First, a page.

Master of the Pit
OTBS Member
4,068
349
Joined Apr 22, 2011
Looks great!! I like the idea of doing it on the stovetop. I did mine in the oven for an hour at 500˚ for each coat and it took me the better part of 2 days!
 

pugettarheel

Newbie
11
10
Joined May 23, 2014
Love my cast iron pans, and am going to follow your technique.  Never thought of using the clean cycle in the oven.  I use the oven cleaning cycle for cleaning my grill grates.
 

jp61

Master of the Pit
★ Lifetime Premier ★
2,883
187
Joined Mar 6, 2011
Thanks! Nice video!

 C'mon man, that's not how one flips an egg!
 

venture

Smoking Guru
OTBS Member
6,961
72
Joined Aug 1, 2008
Dang!  My moms cast iron skillets and the stinky smell of lard?

It was just the sign of a great meal coming your way.

I have an 80 year old cast iron dutch oven that they will have to bury with me!

Still, cast iron is not for everything.

I still use some teflon pans.  Not for the easy cleanup, cause cast iron is not hard to clean.

Cast iron takes time to bring to temp.  When at temp, it holds its temp and does not respond well in applications that require quick temp changes.

I certainly agree that a well seasoned cast iron pan was the original non-stick cookware.

Nothing quite as pretty as sweating down veggies in a big old black cast iron pan.  Makes me want to run for the camera.

Good luck and good smoking.
 

daveomak

SMF Hall of Fame Pitmaster
OTBS Member
SMF Premier Member
25,621
3,113
Joined Nov 12, 2010
Nice SQWIB... I can't slide an egg in new Teflon like you did in the CI....
 

woodcutter

Master of the Pit
OTBS Member
3,323
163
Joined Jul 2, 2012
The first time I looked at your thread the video wouldn't load right for me. I saw it tonight and it is really cool. I'm starting to cook more with cast iron and have learned to turn the heat down, especially with eggs. Nice job!!!
 

jaxrmrjmr

Smoking Fanatic
503
41
Joined Apr 21, 2013
There seems to be a big misrepresentation in the keeping of cast iron - that you just wipe it out and keep cooking.  My wife and I fought about this for about the first two years of marriage.  Then she saw the light.

The biggest part in keeping the integrity of the pan's seasoning is:

      Never let food dry in the pan.  Cook in it, remove the food, then clean it right away.  Basically, hot water and a little scrub brush is all that is needed at this point.

      Never soak the pan in water.  Never, ever, ever soak it.  Wash it out with hot water, boil water in it and use a stiff scrub brush.  Then rub it with fat/oil.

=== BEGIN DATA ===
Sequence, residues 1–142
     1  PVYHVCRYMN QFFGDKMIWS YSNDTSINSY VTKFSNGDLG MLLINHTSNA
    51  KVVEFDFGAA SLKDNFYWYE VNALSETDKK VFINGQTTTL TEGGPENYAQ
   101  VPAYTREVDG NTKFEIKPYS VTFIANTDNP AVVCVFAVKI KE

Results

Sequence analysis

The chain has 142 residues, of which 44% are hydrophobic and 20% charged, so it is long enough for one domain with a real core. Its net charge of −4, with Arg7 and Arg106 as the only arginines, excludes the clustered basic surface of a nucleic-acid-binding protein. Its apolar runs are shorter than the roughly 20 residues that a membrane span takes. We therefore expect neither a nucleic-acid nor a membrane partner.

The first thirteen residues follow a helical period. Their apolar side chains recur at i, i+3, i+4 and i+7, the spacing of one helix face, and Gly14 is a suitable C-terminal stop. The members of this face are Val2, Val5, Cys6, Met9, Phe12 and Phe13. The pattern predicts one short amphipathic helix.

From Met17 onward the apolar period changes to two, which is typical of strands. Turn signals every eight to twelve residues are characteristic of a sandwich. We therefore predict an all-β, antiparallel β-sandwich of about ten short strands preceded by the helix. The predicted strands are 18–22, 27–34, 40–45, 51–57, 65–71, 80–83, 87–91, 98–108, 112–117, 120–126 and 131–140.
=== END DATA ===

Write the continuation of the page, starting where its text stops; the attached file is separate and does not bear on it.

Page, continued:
Some people think that anything left in the pan and scorched onto the surface is seasoning.  Wrong.  My wife's pan was bumpy as all hell - well burnt, but just bumpy from remnants of food that were not removed.  The more she cooked in it the "bumpier" it became.  That is burnt on food, not seasoning!!!!  There should not be anything bumpy in your pan.  If so, it's just stuck on food - not seasoning.

Cast iron is easy but it takes patience.  Season it - the hotter the better and I believe that bacon grease is the perfect agent for this. Once seasoned, keep the bottom smooth of burnt on stuff.  Clean it with hot water and a scrub brush.  I try and stay away from detergents on my cast iron, but a soapy scrub pad works well when needed.  Once washed, towel dry it.  Then rub a bit of oil around it before putting it away.

I have my Great grandmother's chicken fryer (she didn't fry chicken) and it is slick as cat poop on the inside.  I also have the 6" skillet that is good for eggs.  I messed up the skillet about 15 years ago, had to start over, and it remains great to this day.  Bacon grease and put the pan in the oven on the clean cycle.

If I was really on top of doing my dishes when I should, I could probably go all cast iron.  But I am not so, I use it for certain situations.
 
Last edited:

pugettarheel

Newbie
11
10
Joined May 23, 2014
I could not believe how much junk came off the CI fry pans when they went through the oven clean cycle.  Had to bring in the shop vac to clean the oven.  I should have also placed my dutch oven in during the cleaning cycle.
 

shtrdave

Smoking Fanatic
666
16
Joined May 11, 2010
So how does one clean the build up off the outside of a skillet, many years of it. No self cleaning oven here.
 

pugettarheel

Newbie
11
10
Joined May 23, 2014
Long two day process.  My only suggestion is do not use 1 t of oil during each step in step 5.  I wiped a thin coat each time and then turned up the heat.  In my 11 in. pan I used one teaspoon the first time and I do not like the way it looks after the first heating.  On my 9 in. pan I just wiped a thin coat each time and it looks great.  I am on the 8th time of smoking the oil off, and will probably do a couple more.  I am lucky to have a gas cook top with a large fan, because I am sure the smoke alarms would have gone off.  Now if I can keep my wife from soaking the pans in the sink. It took me a long time to train her to wipe my end grain cutting board, dry, after each use.    The 9 in. pan looks brand new.
 

nimrod

Meat Mopper
244
25
Joined May 7, 2010
 Well Mom gave me Grandma's old 10 inch CI fry pan. It needed some clean up but the bottom was as slick as Teflon. Easy to fry a egg on this pan.

 I had purchased a cheaper 8 inch for corn bread. To a tapered Emory wheel to it. In no time it was as smooth as Grandma's. Re-seasoned it and now the cornbread pops right out. Definitely worth the time & effort to buff it smooth.

 Craig
 

tropics

Epic Pitmaster
OTBS Member
★ Lifetime Premier ★
13,808
5,503
Joined Jun 25, 2014
SQWIB That is a great post, I have negelected my CI pans. Today not much to do, so I took the wire wheel and drill to them.They weren't that bad but I wanted down to Iron. Used my BBQ side burner and the grill area like an oven. Have a few small spots felt a slight stick, reheating them now.

Thanks Richie
 

Latest posts

Hot Threads

Top Bottom
  AdBlock Detected

We noticed that you're using an ad-blocker, which could block some critical website features. For the best possible site experience please take a moment to disable your AdBlocker.